On the other hand, many of the same biomarker-based urine tests being explored as diagnostic measures in bladder cancer may also turn out to be useful after treatment, to determine if bladder cancer has progressed or recurred, according to the HHS report. Approved in this space by the FDA’s Center for Devices and Radiological Health is the Vysis UroVysion Bladder Cancer Kit.2

Still, the report cautions that “The large number of available tests and testing strategies and potential trade-offs in diagnostic accuracy, risks, and patient preferences pose significant challenges in determining optimal testing and monitoring strategies. Tests with high false positive rates could lead to unnecessary invasive procedures for further evaluation and tests with high false negative rates could lead to missed diagnoses.”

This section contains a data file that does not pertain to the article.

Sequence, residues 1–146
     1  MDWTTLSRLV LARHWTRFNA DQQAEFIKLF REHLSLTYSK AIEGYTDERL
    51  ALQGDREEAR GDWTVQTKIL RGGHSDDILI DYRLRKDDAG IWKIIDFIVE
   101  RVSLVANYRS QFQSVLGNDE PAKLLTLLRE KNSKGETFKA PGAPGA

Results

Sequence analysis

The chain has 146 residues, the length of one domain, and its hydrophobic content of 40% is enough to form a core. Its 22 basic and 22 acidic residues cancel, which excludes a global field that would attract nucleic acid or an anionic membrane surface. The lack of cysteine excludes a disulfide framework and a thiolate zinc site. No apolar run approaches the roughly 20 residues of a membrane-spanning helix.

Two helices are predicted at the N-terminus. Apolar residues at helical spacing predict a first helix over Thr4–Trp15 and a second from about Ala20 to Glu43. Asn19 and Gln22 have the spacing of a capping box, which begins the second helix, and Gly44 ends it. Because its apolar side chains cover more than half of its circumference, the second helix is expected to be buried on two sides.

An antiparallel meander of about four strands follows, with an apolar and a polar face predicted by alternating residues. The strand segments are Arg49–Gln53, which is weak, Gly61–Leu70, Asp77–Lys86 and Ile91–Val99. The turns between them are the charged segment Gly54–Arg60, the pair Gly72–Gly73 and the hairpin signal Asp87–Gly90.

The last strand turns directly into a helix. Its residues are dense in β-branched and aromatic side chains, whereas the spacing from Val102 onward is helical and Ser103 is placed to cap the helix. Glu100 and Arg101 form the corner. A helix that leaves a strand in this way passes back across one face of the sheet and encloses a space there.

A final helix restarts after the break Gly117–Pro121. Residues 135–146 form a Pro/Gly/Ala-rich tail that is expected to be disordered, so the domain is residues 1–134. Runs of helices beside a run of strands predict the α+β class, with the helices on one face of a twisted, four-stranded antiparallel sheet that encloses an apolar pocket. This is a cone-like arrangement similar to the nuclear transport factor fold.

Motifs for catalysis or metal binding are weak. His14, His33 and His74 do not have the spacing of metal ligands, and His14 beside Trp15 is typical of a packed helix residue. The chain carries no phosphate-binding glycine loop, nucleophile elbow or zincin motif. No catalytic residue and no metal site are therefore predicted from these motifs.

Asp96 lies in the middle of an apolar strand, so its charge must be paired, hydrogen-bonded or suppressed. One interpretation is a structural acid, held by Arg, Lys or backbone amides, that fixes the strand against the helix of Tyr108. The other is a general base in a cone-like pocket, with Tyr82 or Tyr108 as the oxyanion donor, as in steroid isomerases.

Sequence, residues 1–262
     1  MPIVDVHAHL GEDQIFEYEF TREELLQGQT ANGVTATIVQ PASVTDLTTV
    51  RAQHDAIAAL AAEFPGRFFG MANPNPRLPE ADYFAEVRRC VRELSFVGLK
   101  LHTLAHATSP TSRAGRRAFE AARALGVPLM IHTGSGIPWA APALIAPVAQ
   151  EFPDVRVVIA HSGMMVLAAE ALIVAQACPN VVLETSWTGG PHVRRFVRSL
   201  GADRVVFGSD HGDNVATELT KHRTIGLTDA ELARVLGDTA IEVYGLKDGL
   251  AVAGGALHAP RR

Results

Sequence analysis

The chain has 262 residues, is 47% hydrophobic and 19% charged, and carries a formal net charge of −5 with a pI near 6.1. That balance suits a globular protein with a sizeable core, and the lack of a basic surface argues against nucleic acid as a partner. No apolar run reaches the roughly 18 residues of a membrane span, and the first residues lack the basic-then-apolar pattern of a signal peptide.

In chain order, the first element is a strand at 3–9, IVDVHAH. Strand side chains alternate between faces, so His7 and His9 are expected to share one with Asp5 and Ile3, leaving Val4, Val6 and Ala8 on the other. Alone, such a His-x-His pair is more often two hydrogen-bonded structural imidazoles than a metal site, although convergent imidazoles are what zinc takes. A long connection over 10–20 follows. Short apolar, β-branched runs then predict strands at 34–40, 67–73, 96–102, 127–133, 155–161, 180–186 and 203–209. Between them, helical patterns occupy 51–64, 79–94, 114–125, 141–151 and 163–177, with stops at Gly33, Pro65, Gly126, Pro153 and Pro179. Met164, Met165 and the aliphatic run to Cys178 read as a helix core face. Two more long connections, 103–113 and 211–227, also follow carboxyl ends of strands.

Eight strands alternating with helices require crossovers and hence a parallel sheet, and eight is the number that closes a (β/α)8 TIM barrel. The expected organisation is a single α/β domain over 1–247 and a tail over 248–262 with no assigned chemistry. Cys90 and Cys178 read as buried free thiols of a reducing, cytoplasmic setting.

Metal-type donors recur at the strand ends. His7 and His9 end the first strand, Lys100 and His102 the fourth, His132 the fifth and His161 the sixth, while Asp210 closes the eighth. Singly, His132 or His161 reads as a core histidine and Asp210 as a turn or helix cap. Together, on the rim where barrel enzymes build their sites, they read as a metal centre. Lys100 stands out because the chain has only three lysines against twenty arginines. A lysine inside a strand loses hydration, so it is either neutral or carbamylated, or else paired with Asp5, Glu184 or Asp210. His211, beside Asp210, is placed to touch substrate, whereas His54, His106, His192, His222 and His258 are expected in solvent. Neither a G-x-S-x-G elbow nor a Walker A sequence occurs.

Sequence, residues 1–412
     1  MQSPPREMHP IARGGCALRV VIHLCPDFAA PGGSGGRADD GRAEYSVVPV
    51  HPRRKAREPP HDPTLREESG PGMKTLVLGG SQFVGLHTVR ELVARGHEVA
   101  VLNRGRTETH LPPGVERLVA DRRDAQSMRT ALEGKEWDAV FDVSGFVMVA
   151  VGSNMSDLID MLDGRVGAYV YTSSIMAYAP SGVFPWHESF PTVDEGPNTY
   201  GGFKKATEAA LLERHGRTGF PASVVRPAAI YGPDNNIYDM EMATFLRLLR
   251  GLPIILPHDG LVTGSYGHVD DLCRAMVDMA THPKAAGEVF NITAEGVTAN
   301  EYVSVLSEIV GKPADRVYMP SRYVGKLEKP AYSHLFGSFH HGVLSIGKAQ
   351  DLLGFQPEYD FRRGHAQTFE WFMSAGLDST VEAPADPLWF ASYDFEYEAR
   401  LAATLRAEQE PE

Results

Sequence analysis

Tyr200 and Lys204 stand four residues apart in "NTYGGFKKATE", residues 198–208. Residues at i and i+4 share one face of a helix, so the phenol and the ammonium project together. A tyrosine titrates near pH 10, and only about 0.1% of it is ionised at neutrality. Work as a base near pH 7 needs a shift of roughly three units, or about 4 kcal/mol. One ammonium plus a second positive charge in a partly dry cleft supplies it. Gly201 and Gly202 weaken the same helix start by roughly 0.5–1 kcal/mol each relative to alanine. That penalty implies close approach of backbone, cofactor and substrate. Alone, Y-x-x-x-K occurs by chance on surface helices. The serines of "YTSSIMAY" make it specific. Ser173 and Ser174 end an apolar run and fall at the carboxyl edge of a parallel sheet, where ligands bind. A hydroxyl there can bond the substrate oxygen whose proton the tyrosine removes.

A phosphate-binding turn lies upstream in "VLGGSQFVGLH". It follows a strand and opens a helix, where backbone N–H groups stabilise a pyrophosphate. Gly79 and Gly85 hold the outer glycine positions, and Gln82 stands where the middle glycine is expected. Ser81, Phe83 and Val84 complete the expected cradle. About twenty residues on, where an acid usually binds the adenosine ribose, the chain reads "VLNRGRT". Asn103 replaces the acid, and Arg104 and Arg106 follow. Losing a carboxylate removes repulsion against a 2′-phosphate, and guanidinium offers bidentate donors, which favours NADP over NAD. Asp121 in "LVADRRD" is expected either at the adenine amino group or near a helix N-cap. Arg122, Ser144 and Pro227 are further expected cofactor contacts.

Renal Cancer

As in bladder cancer, biomarker-based tools are not commonly used in the diagnosis of renal cancer, Rini said.

“It’s more the appearance of the mass on the CT scan,” he said. “It’s a disease diagnosed by imaging of the abdomen. If a mass is there, and there’s a question about differentiating between benign versus cancer based on how it looks on the scan, patients often go to biopsy or straight to surgery. But to my knowledge, there’s no blood-based marker to differentiate benign from malignant renal masses in routine clinical use.”